Girls wave flags at a campaign rally for Afghan presidential candidate Abdullah Abdullah, in Herat. The flags read “number 1” , Abdullah’s number on ballot papers. Eight candidates are campaigning for the country’s third presidential election, to be held on April 5.
A boy waves presidential candidate Zalmai Rassoul’s election campaign flag in Bagram, Afghanistan on Tuesday.
Afghan children play in the old part of the northwestern city of Herat. Presidential candidates have been holding rallies across the country for the upcoming presidential elections on April 5, to choose a successor to President Hamid Karzai.
Supporters of Afghan presidential candidate Ashraf Ghani Ahmadzai listen to his campaign address during a political rally in the northern Afghan city of Mazar-i-Sharif on Monday. Afghans will go to the polls on April 5 to choose a new President.
Voters queue to receive their polling cards, for the upcoming presidential election in Afghanistan, at a registration centre in Herat on Monday. Presidential candidates held large outdoor rallies five days ahead of elections that have been shaken by Taliban attacks.
A supporter of Afghan presidential candidate Zalmai Rassoul carries chairs as he prepares for an election rally in Panshir, northern Afghanistan. Afghan presidential elections will be held on April 5.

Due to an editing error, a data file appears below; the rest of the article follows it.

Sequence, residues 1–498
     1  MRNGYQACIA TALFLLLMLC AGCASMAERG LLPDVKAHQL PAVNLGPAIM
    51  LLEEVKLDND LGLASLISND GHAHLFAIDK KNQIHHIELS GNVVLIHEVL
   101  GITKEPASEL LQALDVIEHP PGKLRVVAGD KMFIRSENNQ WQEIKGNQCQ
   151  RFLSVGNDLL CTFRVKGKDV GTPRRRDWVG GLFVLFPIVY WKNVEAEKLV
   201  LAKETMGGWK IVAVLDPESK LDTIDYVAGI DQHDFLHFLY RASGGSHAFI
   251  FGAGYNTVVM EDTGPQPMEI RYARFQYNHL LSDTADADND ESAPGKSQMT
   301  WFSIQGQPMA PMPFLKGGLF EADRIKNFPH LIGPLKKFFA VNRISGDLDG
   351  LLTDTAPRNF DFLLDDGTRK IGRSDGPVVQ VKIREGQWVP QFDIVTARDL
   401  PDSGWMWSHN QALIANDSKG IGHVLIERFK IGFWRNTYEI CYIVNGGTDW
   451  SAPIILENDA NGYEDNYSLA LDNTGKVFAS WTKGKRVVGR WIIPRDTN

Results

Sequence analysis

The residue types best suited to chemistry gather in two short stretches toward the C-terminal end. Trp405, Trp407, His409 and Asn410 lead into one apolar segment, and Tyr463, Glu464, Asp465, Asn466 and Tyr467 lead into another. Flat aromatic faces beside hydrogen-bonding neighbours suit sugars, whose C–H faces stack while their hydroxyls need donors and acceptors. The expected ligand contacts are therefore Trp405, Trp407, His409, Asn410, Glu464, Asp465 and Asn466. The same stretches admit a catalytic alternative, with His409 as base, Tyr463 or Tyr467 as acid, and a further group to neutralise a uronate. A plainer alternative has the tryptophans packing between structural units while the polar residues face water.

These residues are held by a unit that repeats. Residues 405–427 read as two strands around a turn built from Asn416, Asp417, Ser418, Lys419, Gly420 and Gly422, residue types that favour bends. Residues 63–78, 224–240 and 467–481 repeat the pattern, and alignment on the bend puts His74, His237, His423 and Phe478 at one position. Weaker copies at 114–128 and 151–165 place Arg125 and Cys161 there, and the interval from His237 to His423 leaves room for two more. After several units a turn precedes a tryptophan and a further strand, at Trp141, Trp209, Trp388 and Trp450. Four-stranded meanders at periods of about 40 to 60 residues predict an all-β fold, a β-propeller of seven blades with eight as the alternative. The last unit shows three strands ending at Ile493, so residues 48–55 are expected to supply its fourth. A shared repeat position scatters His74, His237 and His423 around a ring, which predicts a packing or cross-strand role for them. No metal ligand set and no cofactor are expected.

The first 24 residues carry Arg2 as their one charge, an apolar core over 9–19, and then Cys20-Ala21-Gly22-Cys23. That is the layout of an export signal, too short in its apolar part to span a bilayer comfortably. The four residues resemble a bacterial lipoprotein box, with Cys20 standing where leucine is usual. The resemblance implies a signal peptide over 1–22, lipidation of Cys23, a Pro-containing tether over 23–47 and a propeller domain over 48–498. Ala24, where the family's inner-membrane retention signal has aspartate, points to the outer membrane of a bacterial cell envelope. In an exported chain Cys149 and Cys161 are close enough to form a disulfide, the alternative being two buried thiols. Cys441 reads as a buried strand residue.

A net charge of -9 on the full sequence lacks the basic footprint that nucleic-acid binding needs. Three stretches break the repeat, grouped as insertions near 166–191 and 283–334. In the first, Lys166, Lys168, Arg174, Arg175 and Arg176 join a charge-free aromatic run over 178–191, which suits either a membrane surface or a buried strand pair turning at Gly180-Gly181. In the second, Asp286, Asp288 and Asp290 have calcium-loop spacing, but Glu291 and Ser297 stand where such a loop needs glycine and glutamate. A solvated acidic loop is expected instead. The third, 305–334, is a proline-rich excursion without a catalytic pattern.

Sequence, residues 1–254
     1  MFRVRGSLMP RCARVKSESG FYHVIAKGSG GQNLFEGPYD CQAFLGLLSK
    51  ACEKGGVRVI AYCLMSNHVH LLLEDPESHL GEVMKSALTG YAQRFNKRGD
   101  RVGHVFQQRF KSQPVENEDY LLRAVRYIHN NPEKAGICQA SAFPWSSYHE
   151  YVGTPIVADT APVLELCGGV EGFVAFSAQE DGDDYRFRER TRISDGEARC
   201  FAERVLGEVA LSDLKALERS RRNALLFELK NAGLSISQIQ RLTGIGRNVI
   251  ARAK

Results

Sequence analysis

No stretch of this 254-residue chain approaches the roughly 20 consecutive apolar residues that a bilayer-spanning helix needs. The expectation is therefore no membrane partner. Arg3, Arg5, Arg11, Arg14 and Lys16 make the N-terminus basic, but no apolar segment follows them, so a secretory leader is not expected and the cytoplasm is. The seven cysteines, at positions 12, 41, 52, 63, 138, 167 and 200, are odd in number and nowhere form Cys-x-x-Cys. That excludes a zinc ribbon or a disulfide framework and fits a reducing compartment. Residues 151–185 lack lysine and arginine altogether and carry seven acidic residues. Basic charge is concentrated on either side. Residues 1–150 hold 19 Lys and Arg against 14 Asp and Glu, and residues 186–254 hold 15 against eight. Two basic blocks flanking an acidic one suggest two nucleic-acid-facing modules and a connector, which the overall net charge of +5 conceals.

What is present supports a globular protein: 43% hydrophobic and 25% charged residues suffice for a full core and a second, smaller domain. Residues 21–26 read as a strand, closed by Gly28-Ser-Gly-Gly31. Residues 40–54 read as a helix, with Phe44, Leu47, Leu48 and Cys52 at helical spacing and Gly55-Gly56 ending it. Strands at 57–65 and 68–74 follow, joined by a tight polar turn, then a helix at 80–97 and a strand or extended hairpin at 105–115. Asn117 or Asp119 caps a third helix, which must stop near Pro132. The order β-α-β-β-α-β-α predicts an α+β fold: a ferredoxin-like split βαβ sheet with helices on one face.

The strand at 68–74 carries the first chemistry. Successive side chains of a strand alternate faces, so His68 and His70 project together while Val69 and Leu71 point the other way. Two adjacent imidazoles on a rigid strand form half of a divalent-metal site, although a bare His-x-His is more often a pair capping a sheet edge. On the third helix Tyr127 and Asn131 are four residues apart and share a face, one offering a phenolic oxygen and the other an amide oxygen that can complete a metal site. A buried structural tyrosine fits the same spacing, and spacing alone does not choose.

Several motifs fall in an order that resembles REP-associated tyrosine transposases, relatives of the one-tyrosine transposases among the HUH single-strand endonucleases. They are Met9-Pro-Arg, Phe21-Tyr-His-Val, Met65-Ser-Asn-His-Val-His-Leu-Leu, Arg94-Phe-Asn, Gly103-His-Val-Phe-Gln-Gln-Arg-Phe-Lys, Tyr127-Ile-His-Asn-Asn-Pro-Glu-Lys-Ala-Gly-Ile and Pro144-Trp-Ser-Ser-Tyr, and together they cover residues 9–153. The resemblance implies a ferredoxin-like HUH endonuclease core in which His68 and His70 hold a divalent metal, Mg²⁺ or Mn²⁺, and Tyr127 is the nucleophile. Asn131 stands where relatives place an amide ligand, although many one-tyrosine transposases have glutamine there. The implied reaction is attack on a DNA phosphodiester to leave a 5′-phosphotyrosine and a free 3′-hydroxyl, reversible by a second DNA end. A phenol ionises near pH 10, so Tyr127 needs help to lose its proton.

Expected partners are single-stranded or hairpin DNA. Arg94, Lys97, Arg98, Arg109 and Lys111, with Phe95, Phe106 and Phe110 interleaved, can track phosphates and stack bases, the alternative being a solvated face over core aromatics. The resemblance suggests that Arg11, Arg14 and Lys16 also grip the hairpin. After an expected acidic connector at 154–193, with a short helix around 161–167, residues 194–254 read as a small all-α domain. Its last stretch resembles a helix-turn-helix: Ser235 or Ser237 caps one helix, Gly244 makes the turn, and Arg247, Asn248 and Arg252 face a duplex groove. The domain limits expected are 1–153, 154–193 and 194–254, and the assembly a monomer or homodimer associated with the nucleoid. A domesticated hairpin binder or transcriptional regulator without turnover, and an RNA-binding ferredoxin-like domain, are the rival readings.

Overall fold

Supporters of Afghan presidential candidate Zalmai Rassoul prepare to leave after an election rally in Mazari Sharif in northern Afghanistan. The Afghan presidential election will be held on April 5.
School children pass a graffiti reading “ballot not bullet” on the outskirts of Kandahar, southern Afghanistan. Warlords with a violent past have played a role in influencing Afghan politics since a US-led coalition helped oust the Taliban in 2001. But they are emerging to play an overt political role in next month’s presidential elections as President Hamid Karzai leaves office.
Danny Berube holds his son Jaxx during welcoming ceremonies for the last Canadian troops to leave Afghanistan, as they returned to Ottawa, Ontario.
Women in Afghanistan line up to have their picture taken at a school in Kabul, Afghanistan to register for presidential elections. Last-minute registration of voters continues despite more than 21 million voter registration cards having been issued while only roughly 12 million Afghans are eligible to vote. The discrepancy is the result of repeated registrations since the first round of elections in Afghanistan in 2004.